The federal budget and deficit are expected to be high policy priorities in the 112th Congress as many new Republican members focus on spending cuts. The House of Representatives started the first day of its new session adopting a rules package that allows its leadership to use new methods to control spending. These rules changes will apply to 12 appropriations bills for the fiscal year that began October 1, 2010 that the last Congress did not pass.
The new rules change the current “pay as you go” requirement to “cut as you go.” Under this rule, any new spending must be paid for by spending cuts elsewhere, but cannot be paid for by an increase in taxes. However, taxes can be cut without a need to find an offset, i.e., a way to pay for the tax cut, which will work against deficit reduction. The rules also apply savings from discretionary spending cuts in appropriations to deficit reduction, rather than to other priorities within a bill.
Another rule allows Budget Committee Chairman Ryan to set FY11 budget levels for the House Appropriations Committee to use for spending bills, independent from a budget resolution, where spending levels are traditionally set.
The House has the opportunity to reconstruct its FY11 Transportation, Housing and Urban Development (T-HUD) appropriations bill, which it passed in July 2010. The Senate did not do the same (see Memo, 7/30/10, 12/23/10). The government has been funded under four continuing resolutions (CR) since the start of the fiscal year. The current CR expires on March 4.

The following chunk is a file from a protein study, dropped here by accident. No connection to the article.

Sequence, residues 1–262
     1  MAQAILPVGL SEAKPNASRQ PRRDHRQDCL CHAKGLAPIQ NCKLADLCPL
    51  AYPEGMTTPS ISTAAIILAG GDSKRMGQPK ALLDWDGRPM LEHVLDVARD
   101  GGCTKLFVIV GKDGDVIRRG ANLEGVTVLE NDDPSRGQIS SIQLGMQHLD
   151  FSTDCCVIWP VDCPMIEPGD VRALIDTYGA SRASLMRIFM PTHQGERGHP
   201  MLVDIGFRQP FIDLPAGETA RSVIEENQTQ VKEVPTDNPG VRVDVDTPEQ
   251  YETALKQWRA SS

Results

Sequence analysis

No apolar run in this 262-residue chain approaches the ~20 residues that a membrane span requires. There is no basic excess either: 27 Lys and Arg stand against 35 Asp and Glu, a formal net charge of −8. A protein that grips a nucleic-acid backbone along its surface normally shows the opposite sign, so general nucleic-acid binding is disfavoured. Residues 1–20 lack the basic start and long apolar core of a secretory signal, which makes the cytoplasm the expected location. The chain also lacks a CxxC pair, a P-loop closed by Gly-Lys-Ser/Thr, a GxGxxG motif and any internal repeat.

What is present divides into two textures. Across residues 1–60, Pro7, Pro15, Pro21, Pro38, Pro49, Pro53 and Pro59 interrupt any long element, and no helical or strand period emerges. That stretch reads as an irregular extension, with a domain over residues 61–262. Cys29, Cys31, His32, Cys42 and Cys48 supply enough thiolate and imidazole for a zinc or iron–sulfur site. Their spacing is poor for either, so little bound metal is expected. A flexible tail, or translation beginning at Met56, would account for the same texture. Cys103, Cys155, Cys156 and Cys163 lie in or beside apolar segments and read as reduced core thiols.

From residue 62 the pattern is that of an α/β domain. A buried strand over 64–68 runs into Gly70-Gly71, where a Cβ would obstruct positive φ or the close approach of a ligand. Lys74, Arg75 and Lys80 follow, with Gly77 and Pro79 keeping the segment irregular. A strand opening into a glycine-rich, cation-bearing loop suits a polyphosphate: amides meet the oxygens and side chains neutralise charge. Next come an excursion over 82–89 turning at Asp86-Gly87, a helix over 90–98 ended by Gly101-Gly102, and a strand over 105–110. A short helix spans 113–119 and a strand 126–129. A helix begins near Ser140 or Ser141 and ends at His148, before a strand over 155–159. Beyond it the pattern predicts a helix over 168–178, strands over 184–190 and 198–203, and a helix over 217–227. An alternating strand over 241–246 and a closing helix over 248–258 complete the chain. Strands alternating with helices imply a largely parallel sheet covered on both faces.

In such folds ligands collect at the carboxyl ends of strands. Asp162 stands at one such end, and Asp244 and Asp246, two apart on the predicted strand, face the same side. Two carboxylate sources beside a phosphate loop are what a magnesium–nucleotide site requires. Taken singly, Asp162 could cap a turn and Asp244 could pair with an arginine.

Several plans to reduce discretionary spending circulated at the end of 2010, including House Republicans’ “Pledge for America,” which proposed spending reductions to FY08 levels. Speaker Representative John Boehner’s (R-WI) suggestion to cut nondefense discretionary programs by $101 billion could severely impact households that HUD programs now serve. Mr. Boehner has suggested breaking appropriations legislation into individual bills for each federal agency, which could result in deeper and more consistent cuts.
Cutting discretionary spending by more than $100 billion could reduce Tenant-Based Rental Assistance by $4 billion, causing 475,000 households to lose their rental assistance and likely their homes. The Project-Based Rental Assistance program could experience a $2.3 billion reduction, the Public Housing Capital and Operating Funds a $1.5 billion decrease, the Community Development Block Grant a $7 billion cut, and Homeless Assistance Grants a $500 million reduction.
Meanwhile, Representatives Marsha Blackburn (R-TN) and Robert Woodall (R-GA) have introduced legislation to slash discretionary spending. Ms. Blackburn offered three bills that would make 5%, 10% and 15% cuts to non-defense, non-homeland security and non-veterans affairs spending, respectively, for FY11 and FY12. Mr. Woodall’s bill would reduce total discretionary funding to levels established in the CR.
NLIHC is monitoring Congressional developments on HUD appropriations and will issue a “Call to Action” when advocate calls to Capitol Hill will be most effective.